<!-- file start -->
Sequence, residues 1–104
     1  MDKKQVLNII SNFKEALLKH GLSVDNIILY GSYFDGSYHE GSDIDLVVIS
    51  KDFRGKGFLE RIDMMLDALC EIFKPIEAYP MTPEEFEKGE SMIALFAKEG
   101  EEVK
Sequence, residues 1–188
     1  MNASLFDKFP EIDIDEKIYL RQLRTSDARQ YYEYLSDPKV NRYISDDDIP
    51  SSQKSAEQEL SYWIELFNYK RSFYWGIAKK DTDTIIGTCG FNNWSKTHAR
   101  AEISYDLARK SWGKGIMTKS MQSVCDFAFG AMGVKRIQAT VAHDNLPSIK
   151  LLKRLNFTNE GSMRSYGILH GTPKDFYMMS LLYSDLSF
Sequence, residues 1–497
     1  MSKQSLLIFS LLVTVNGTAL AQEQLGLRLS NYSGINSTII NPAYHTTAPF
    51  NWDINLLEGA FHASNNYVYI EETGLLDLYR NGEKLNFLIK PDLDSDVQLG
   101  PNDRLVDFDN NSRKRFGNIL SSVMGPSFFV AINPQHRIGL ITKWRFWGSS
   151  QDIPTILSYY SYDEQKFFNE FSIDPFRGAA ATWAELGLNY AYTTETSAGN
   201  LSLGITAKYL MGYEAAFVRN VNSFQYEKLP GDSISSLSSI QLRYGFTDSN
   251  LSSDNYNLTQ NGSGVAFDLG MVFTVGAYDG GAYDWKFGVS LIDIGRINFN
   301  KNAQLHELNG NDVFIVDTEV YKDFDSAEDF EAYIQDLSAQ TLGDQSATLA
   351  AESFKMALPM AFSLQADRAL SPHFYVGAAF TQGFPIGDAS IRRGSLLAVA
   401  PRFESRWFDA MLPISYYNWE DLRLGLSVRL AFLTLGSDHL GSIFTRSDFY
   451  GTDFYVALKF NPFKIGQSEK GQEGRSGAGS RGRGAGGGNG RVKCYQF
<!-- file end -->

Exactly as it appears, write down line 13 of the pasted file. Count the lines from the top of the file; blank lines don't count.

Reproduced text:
   101  PNDRLVDFDN NSRKRFGNIL SSVMGPSFFV AINPQHRIGL ITKWRFWGSS